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Old January 19, 2008, 23:05   #1
strangeintp
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Angband Java port

Hopefully I'm not stirring up a nest of nether worms or commiting some other dreadful faux pas, but I'm testing the waters to see what kind of interest there might be in the Angband community for developing a Java port of Angband. I'd been wanting to develop a 2D tile based version of Moria for a while, and even started a Sourceforge project about a week ago (Jmoria - there's nothing in it right now), but then I discovered Angband, and I love the gameplay features added on to the classical Moria.

So now I've set my sights on porting the 2D tile based Angband version to Java, with all the attendant benefits (cross platform, expandibility, maintainability, etc.) I know, a lot of time and code has already been invested in the existing version, but would any developers like to join me in seeing it happen?

I don't have any interest (at the moment) in making a signifiant variant, just porting the latest version to Java. Eventually I'd like to add network play for small groups of players, but that would be after getting the single-player version out.

If you're interested, let me know (either here or in the sourceforge jmoria forum)
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Old January 19, 2008, 23:22   #2
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What would be the target platform? PC? Phones? Consoles?
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Old January 19, 2008, 23:37   #3
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good question. I was thinking PC's, but now that you mention it, anything that runs a JRE could be a target platform. I'm not sure I'd want to try playing on a PDA, but I suppose if one needed one's Angband fix on the go, that could be a possibility!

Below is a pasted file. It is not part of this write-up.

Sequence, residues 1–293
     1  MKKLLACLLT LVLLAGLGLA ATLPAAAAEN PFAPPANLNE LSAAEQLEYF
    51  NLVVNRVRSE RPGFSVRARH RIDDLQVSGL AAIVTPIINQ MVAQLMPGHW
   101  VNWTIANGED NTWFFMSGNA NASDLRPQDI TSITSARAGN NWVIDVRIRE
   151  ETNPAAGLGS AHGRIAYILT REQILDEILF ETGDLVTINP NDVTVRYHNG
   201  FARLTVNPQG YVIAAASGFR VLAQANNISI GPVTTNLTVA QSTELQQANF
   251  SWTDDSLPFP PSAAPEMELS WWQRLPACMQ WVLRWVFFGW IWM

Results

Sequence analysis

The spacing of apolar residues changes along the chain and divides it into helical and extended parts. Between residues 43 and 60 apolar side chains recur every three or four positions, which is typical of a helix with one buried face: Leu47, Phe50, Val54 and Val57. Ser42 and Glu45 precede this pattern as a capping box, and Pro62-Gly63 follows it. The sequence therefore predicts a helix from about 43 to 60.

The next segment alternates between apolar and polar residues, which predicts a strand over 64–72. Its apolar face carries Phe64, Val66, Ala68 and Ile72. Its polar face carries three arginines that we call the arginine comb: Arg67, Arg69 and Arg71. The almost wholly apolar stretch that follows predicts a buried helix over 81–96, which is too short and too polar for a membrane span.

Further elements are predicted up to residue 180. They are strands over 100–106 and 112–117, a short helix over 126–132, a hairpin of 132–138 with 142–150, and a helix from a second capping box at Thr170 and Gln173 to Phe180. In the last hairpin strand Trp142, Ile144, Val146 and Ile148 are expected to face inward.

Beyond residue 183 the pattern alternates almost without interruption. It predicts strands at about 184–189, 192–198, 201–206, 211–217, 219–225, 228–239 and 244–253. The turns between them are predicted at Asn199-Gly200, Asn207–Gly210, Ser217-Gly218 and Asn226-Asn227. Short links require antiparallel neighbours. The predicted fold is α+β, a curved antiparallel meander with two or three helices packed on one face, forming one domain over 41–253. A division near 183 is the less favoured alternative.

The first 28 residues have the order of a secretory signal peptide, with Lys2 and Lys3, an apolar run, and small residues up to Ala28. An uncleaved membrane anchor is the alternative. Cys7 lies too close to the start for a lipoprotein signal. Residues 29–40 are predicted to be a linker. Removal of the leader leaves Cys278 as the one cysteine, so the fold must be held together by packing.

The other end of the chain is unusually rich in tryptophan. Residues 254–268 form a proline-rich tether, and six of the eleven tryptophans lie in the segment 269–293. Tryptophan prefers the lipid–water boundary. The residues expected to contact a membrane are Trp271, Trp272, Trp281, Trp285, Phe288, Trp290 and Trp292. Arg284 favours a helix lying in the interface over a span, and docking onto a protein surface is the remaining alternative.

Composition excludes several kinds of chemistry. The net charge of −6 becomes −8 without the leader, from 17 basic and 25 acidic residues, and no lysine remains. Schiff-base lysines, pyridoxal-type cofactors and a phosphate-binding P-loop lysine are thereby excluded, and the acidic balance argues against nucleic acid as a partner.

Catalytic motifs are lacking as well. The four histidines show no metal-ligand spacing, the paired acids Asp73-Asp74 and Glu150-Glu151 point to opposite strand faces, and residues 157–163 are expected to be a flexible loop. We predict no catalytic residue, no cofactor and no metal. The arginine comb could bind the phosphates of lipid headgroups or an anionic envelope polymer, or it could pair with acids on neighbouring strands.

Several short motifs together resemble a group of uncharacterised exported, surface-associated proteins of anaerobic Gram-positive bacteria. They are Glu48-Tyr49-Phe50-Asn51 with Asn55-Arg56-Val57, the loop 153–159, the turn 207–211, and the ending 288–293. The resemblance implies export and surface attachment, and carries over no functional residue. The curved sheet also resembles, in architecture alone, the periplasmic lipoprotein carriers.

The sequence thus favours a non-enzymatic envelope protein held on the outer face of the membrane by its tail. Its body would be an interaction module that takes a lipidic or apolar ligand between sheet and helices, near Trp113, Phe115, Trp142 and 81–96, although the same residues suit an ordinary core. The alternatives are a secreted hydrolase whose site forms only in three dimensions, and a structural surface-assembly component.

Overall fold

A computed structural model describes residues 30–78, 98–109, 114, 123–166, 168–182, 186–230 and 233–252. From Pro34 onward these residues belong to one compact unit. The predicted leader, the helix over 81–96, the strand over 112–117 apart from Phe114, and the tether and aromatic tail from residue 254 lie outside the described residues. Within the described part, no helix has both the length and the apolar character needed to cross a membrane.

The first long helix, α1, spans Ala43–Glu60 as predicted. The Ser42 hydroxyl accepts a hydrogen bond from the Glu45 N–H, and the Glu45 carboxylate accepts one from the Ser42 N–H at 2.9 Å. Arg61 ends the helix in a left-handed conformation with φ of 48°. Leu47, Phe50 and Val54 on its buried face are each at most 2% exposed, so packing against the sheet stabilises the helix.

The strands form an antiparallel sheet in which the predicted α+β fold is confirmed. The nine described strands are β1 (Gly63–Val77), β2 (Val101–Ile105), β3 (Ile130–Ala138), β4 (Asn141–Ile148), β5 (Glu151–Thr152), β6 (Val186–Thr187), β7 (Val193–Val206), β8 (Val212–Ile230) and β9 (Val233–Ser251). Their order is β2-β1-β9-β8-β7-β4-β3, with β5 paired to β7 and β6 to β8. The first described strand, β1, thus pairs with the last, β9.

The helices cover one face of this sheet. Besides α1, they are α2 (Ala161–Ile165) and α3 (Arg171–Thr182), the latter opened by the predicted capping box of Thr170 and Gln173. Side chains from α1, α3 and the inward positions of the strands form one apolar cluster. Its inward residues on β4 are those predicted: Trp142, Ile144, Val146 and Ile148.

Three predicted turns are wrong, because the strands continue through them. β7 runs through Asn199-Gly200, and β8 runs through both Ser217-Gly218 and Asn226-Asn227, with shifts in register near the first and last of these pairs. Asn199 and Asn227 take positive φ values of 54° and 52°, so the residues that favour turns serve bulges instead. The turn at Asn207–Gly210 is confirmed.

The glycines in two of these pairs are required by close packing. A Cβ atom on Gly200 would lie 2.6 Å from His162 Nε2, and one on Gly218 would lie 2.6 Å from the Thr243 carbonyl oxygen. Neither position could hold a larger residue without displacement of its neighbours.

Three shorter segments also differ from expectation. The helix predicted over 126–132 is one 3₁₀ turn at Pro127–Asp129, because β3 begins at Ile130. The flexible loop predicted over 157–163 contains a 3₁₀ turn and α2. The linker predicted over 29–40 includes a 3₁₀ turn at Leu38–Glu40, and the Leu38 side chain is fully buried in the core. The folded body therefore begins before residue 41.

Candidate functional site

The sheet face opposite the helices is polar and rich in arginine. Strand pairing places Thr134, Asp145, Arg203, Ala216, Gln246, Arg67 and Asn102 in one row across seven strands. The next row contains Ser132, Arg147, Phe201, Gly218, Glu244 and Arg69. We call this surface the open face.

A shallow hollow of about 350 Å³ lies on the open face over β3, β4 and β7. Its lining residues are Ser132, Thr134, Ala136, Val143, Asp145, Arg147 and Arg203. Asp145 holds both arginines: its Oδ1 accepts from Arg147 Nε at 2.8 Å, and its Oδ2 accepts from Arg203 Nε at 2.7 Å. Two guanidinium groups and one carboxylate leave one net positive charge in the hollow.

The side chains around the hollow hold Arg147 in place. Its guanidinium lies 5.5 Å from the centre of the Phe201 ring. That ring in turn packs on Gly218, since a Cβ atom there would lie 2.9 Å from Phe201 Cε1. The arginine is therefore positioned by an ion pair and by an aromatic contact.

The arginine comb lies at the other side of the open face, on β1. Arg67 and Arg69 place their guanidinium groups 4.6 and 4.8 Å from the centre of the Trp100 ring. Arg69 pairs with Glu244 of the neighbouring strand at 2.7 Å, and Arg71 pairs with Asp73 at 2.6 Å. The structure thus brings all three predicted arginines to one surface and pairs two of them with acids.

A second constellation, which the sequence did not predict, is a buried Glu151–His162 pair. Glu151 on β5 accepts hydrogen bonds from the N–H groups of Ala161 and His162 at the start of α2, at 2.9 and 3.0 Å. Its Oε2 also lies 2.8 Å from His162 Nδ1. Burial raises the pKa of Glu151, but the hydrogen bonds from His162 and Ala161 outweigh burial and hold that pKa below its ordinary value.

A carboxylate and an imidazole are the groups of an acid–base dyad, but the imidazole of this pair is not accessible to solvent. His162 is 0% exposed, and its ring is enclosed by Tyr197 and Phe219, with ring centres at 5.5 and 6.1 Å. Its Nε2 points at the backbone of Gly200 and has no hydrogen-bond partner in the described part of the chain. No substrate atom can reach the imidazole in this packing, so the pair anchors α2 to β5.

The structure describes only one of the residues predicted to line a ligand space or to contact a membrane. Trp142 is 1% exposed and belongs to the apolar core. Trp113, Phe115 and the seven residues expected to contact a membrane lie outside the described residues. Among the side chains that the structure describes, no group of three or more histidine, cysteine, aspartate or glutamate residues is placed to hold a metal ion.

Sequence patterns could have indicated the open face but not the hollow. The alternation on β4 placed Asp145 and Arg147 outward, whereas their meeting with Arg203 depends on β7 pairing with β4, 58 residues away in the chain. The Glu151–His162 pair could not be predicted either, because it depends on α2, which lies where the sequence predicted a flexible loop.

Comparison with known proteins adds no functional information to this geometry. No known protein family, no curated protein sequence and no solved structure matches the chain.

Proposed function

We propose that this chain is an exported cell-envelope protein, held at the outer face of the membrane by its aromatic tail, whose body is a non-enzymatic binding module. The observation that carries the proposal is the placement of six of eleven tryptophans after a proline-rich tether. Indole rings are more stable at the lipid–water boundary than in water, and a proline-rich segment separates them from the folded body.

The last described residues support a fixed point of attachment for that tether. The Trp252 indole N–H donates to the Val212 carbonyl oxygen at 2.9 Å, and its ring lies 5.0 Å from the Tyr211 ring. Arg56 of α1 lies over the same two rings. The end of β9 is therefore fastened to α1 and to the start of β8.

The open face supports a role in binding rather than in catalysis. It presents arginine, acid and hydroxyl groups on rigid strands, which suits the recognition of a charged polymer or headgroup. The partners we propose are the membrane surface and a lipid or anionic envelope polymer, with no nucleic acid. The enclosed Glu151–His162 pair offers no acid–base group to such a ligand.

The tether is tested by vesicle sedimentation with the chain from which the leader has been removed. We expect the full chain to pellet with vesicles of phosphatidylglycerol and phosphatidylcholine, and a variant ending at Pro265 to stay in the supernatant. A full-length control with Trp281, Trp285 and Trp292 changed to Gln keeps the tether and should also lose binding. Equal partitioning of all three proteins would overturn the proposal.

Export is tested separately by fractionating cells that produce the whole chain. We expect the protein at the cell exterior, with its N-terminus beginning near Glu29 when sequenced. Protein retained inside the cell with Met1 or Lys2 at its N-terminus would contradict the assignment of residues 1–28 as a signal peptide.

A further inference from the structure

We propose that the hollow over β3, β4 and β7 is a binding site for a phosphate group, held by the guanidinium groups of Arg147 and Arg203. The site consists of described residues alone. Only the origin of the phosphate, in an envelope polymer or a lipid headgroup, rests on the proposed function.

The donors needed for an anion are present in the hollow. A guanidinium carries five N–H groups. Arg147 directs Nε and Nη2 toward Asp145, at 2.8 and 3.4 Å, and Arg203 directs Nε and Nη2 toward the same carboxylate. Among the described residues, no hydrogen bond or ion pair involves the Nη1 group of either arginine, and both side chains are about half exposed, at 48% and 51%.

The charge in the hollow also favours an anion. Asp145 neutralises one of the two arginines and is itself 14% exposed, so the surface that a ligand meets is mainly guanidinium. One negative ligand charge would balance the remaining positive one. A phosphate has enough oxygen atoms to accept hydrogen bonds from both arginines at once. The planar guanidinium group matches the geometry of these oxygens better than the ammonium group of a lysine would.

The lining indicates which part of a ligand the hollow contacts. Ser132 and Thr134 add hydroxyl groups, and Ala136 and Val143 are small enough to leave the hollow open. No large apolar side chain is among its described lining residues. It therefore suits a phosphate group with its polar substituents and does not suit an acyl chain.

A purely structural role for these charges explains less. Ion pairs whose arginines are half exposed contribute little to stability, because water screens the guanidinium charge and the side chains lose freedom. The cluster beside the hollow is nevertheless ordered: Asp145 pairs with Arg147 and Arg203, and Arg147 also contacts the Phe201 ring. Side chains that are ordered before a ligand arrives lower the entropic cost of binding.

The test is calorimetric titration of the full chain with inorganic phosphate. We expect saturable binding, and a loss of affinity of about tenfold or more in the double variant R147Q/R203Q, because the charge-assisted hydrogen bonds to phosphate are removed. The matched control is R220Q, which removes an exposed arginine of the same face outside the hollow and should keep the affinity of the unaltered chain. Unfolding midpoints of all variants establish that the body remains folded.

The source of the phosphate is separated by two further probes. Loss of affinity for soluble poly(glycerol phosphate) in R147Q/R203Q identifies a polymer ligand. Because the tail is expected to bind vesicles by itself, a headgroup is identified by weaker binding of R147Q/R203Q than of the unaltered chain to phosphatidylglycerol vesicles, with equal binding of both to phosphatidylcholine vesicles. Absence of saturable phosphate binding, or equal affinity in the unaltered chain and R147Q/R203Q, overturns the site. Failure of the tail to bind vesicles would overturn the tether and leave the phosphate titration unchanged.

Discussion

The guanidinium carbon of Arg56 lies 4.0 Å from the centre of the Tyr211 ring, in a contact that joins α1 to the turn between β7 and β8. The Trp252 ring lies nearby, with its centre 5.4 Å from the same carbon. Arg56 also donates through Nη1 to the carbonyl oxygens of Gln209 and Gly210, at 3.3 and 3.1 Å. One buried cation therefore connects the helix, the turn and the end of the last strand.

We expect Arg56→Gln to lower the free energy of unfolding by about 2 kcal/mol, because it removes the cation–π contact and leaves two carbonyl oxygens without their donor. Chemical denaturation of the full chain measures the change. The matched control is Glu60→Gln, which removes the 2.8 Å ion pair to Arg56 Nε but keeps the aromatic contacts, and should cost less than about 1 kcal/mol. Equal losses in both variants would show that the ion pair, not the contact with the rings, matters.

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Old January 20, 2008, 02:39   #4
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Quote:
Originally Posted by strangeintp View Post
So now I've set my sights on porting the 2D tile based Angband version to Java, with all the attendant benefits (cross platform, expandibility, maintainability, etc.) I know, a lot of time and code has already been invested in the existing version, but would any developers like to join me in seeing it happen?
Cross-platform, expandability and maintainability are all things we currently have. I'm naturally resistant to the idea of a Java version, just because I can't get any bloody Java apps working on my linux machine at the moment, but many people have suggested this, started, and ultimately failed. I wish you good luck if you want to try and rewrite the game, but I'm not sure it's worth it.
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Old January 20, 2008, 03:04   #5
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Originally Posted by takkaria View Post
Cross-platform, expandability and maintainability are all things we currently have. I'm naturally resistant to the idea of a Java version, just because I can't get any bloody Java apps working on my linux machine at the moment, but many people have suggested this, started, and ultimately failed. I wish you good luck if you want to try and rewrite the game, but I'm not sure it's worth it.
Agreed; I don't really think it's the best use of effort. What would be nice is a front end for the existing game that runs as a Java app or in a web browser or some such. Sounds easy when you say it quickly.